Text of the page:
Children Highly Vulnerable to Health Risks of Climate Change
Young children are far more vulnerable to climate-related disasters and the onus is on adults to provide the protection and care that children need, according to an article by researchers at Columbia University’s Mailman School of Public Health and Columbia University Irving Medical Center. In a paper published in PLoS One Medicine, they set out some specific challenges associated with the impacts of climate change on the world’s 2.3 billion children and suggest ways to address their underprioritized needs.
“Because of their anatomic, cognitive, immunologic, and psychologic differences, children and adolescents are more vulnerable to climate change-related events like floods, droughts, and heatwaves than adults,” says Madeleine Thomson, PhD, a research scholar in the Department of Environmental Health Sciences, a faculty member in the International Research Institute for Climate and Society at Columbia’s Earth Institute, and a guest editor in PLOS One Medicine’s Special Issue on Climate Change and Health.
Because of their small surface-to-body ratio, infants and children are particularly vulnerable to dehydration and heat stress. During heat waves, children are more likely to be affected by respiratory disease, kidney disease, electrolyte imbalance, and fever. Heat waves have also been shown to exacerbate allergens and air pollution which impact children more severely than adults because of their underdeveloped respiratory and immune systems and because they breathe at a faster rate than adults.
The authors write that hotter temperatures may also expand the range of vector-borne diseases, including the Zika virus which, following the 2015 epidemic, has profoundly affected the lives of children and their families across Latin America and the Caribbean. Even children who were asymptomatic at birth may develop problems later in life.
After Hurricane Maria made landfall in Puerto Rico in September 2017, medical responders encountered increases in gastroenteritis, asthma exacerbations, and skin infections. Children were also at increased risk for mosquito-borne diseases such as chikungunya and Dengue, as well as leptospirosis through the drinking of contaminated water. Flood waters from Hurricane Harvey a few weeks earlier dropped record-breaking rain. Most of the Harvey-related toxic releases were never publicized and the long-term implications for children’s health is unknown. Studies suggest that climate change is increasing the intensity of North Atlantic hurricanes and the likelihood that the severe consequences for children’s health will grow.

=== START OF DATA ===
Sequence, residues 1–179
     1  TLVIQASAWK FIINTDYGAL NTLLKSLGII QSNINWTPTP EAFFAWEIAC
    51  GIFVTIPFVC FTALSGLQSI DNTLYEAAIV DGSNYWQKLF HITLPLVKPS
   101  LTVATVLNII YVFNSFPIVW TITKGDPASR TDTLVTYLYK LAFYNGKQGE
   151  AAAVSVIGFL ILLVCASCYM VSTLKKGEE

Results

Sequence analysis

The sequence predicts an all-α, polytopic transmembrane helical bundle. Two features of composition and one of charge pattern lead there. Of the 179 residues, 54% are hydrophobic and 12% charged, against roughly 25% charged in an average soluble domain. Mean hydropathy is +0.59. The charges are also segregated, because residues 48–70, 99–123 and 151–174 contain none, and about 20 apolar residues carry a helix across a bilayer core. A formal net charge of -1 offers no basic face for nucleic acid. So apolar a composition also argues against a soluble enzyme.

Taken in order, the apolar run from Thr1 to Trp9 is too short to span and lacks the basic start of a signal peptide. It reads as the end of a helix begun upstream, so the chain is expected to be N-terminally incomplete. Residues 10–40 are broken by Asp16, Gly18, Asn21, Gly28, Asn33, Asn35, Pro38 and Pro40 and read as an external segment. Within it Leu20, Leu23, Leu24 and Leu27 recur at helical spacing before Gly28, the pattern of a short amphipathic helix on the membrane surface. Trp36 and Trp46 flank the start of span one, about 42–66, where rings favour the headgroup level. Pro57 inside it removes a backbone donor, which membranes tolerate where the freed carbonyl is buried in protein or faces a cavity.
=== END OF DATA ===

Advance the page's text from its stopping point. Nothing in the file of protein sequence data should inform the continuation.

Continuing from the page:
In rural households, droughts can have significant impacts on child development through increased food insecurity and dietary changes. Droughts may also contribute to conflict and forced migration in resource-poor settings, thereby increasing children’s vulnerability to a wide range of health issues.
To begin to address the specific needs of children confronted with climate-change related health disasters, Thomson and colleagues propose the following:
1. Establish an international consortium of experts to develop adoptable medical and behavioral protocols and to set research agendas to address the unmet child-specific needs that arise from climate-related natural disasters.
2. Develop best practice guidelines for climate-change-related event planning that incorporate strategies for addressing the health-related needs of children.
3. Fund mechanisms designed to help the most vulnerable nations prepare for and respond to climate-related disasters must consider funding the development of responses that specifically address the unmet needs of children’s health.
Co-authors are Lawrence Stanberry, Columbia Department of Pediatrics; Wilmot James, Columbia Department of Pediatrics and School of International and Public Affairs.